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WATCH: Chelsea Pensioners On Show At Founder's Day Parade

Founder's Day is the only parade of the year attended by all the veterans who are well enough...

The Chelsea Pensioners have paraded to remember King Charles II, the monarch who founded their hospital back in 1681, watched by 3,000 friends and family members.

Founder's Day is the only parade of the year attended by all the veterans who are well enough. 

This year, the inspecting officer was His Royal Highness Prince Michael of Kent, back for the first time since 2002. 

Those on parade included 54 Second World War veterans, a Victoria Cross recipient and personnel who fought all over the world, including Malaya, Burma and the South Atlantic.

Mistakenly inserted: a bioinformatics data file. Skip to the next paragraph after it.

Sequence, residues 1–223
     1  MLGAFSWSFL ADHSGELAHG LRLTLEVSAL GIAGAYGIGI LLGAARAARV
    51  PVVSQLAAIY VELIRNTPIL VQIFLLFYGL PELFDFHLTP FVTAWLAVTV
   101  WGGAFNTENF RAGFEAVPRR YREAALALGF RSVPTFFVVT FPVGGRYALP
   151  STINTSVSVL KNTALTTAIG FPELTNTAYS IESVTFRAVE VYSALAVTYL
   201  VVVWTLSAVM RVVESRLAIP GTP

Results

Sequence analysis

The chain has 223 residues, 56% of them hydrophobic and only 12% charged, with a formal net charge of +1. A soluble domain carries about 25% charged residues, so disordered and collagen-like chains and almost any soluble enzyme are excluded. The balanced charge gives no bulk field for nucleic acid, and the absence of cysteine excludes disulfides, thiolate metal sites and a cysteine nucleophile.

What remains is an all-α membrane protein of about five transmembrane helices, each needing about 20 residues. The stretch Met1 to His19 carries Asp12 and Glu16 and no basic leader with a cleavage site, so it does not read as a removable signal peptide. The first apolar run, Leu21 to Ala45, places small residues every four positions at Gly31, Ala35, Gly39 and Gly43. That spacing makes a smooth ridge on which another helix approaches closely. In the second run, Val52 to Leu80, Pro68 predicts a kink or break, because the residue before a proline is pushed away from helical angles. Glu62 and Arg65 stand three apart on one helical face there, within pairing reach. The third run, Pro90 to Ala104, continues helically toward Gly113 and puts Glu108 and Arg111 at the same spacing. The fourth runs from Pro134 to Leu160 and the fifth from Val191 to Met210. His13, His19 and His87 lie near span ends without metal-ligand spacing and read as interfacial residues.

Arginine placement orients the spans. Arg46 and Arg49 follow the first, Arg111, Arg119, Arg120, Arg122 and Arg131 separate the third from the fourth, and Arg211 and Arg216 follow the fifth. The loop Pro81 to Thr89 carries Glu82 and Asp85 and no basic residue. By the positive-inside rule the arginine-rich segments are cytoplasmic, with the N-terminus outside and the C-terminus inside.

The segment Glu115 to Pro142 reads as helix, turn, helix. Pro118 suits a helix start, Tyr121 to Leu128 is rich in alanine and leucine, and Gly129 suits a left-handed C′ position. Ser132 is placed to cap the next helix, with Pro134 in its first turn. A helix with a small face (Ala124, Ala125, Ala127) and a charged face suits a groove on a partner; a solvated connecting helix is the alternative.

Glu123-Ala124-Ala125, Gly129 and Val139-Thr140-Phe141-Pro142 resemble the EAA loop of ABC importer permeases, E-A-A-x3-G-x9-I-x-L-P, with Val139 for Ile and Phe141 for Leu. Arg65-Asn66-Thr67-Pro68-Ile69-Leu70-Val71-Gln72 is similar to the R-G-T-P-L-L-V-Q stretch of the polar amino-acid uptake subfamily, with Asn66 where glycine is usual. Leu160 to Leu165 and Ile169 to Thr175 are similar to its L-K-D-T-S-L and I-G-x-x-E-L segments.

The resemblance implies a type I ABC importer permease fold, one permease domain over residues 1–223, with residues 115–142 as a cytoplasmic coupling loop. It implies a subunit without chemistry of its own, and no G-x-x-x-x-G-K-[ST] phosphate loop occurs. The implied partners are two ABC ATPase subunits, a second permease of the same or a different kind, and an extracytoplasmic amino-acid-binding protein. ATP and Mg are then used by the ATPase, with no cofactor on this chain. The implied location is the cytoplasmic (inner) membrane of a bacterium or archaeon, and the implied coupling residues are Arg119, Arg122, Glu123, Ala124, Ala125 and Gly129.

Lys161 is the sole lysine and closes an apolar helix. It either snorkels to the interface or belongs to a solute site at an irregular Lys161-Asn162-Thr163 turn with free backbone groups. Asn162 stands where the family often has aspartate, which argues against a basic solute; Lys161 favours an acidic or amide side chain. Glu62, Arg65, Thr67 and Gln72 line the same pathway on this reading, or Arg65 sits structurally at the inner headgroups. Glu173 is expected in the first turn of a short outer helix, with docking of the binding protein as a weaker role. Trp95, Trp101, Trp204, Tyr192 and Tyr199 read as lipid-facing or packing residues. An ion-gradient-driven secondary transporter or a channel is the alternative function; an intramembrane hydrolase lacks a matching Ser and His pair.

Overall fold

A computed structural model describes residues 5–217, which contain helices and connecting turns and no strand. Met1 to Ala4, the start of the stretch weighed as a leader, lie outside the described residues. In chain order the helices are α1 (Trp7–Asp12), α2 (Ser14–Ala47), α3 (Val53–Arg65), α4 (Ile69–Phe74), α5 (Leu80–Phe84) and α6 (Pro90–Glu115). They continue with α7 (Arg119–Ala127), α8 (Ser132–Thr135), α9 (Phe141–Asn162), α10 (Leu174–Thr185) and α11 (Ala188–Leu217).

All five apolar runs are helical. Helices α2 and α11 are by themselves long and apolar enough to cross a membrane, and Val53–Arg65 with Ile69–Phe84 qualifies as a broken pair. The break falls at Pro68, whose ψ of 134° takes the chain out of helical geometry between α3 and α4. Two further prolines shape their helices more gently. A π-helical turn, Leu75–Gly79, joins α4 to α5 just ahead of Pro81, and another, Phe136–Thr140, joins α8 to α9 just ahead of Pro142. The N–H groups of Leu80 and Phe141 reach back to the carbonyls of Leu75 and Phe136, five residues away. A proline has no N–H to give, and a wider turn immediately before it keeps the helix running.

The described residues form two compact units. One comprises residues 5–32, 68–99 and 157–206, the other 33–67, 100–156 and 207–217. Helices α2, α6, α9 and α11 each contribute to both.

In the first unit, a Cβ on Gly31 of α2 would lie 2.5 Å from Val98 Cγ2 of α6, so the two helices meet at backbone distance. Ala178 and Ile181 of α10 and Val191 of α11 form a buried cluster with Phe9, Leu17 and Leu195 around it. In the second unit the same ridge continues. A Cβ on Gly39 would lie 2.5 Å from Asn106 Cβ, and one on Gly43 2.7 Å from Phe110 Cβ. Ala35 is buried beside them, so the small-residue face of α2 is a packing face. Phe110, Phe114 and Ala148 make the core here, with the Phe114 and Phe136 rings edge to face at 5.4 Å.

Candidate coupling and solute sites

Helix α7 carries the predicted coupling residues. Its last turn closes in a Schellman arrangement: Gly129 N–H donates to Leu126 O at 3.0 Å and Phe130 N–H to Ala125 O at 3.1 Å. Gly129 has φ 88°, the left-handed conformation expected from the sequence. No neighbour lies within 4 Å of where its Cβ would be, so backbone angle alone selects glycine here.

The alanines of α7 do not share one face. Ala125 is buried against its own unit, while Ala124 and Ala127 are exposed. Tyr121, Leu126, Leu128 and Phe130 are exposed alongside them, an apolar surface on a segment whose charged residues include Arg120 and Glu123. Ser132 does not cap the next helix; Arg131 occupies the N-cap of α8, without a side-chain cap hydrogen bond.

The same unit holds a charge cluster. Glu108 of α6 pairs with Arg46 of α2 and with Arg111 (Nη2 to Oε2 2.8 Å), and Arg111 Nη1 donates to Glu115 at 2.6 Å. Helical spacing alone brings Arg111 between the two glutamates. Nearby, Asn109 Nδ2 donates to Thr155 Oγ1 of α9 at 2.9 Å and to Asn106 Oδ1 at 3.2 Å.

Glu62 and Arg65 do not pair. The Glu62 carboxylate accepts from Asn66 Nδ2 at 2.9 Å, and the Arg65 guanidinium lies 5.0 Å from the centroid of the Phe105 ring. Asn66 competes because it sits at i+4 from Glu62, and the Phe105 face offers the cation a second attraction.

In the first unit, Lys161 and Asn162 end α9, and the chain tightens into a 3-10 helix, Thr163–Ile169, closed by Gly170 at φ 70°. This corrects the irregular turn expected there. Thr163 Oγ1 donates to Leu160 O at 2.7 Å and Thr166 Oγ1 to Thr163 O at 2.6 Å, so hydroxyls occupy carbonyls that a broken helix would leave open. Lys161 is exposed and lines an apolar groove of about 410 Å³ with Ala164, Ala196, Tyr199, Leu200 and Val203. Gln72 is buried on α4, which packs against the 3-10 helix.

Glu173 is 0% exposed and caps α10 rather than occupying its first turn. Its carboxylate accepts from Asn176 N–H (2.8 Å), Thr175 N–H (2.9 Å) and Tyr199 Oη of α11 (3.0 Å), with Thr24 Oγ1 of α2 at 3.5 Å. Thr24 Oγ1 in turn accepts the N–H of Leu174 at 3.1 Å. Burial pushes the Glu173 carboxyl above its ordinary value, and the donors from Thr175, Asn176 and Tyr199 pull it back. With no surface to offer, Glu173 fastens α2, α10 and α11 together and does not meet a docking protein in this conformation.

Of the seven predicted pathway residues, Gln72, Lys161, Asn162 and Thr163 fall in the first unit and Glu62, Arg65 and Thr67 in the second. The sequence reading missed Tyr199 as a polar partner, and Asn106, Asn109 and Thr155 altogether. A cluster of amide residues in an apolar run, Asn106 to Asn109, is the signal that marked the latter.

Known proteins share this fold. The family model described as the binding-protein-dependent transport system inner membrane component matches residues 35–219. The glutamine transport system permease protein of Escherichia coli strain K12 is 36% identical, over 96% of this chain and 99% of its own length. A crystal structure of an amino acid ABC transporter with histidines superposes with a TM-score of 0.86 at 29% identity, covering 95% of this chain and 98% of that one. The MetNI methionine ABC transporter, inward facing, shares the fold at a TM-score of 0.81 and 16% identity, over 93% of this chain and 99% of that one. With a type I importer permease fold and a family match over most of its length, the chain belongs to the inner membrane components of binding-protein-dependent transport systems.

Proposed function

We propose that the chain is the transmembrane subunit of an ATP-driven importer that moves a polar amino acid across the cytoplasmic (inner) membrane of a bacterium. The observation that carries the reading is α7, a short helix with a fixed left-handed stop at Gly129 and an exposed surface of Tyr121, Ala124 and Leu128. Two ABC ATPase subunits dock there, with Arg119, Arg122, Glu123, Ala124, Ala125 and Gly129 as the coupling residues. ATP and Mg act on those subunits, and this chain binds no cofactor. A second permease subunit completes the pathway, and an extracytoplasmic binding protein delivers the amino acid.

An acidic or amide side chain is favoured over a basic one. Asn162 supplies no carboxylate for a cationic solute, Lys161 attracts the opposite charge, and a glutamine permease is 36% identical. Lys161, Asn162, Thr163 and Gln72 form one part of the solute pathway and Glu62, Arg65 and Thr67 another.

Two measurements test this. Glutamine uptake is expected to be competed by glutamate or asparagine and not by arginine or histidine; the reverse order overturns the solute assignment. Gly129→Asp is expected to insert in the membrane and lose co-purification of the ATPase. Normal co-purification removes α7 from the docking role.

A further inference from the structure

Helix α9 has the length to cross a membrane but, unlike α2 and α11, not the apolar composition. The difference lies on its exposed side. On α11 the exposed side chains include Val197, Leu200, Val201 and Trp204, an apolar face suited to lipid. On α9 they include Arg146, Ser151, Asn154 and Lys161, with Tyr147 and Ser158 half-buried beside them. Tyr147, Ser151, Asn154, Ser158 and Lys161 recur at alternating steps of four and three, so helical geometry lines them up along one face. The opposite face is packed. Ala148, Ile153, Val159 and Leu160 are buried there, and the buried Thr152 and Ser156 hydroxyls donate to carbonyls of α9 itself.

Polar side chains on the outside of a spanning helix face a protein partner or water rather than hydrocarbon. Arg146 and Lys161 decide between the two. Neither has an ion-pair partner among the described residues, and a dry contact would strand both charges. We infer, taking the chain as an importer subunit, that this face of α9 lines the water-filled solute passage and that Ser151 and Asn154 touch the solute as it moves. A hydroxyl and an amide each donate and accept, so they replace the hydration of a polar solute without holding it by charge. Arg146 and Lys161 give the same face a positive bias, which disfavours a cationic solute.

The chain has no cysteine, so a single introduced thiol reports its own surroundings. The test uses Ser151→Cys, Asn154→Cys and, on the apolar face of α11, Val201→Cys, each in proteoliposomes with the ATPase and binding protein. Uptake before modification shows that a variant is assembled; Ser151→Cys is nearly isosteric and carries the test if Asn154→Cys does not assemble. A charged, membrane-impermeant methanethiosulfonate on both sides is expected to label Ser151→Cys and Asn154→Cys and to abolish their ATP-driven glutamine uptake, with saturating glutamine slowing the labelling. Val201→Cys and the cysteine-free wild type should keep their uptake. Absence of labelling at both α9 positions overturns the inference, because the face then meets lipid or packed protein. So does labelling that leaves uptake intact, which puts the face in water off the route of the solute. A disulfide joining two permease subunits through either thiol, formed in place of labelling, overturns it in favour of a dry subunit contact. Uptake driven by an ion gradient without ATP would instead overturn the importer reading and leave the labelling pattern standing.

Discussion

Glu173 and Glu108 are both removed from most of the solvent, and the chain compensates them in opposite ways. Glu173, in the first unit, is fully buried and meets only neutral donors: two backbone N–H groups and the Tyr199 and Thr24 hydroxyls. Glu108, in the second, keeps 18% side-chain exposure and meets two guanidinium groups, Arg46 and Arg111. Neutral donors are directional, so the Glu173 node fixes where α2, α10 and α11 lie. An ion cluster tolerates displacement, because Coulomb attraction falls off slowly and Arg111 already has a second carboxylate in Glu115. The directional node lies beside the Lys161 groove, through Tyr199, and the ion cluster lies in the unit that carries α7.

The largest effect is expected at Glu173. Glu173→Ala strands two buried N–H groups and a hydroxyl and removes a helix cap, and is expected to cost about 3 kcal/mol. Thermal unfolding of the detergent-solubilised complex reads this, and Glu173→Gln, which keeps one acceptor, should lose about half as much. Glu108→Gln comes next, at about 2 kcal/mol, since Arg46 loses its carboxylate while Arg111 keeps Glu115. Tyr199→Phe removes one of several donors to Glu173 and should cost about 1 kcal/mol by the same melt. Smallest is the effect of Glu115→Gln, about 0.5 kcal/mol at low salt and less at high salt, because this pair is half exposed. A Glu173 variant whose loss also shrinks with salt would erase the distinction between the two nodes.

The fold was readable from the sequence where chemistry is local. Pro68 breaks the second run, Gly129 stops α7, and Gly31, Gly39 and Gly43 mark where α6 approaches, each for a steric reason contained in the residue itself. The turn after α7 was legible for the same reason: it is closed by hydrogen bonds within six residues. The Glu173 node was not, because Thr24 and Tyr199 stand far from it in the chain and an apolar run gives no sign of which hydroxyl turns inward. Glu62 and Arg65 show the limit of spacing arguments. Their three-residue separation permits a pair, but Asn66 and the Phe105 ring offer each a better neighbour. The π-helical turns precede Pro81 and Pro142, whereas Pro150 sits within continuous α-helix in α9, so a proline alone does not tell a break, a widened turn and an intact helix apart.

Also known as Oak Apple Day, the celebration is always held as close as possible to 29th May - the birthday of Charles II and the date of his restoration as King in 1660.

The Oak reference commemorates the escape of Charles II after the Battle of Worcester (1651), when he hid in an oak tree to avoid capture by the Parliamentary forces.

For this reason, all members of the Parade wear sprigs of oak leaves.

Monica Parrott, Former Sergeant of the Women's Royal Army Corps, said:

"It's between tears and joy, because you are proud to be doing it and proud that your family is watching you, but it also makes me a bit emotional."

King Charles II founded the Royal Hospital Chelsea to provide a home for 'the relief of veterans broken by age or war'.

He was inspired by Les Invalides, the French hospital that had been built by Louis XIV in Paris 11 years earlier.

Nowadays the Grade I listed site is still home to 280 Chelsea Pensioners, who are all former soldiers of the British Army.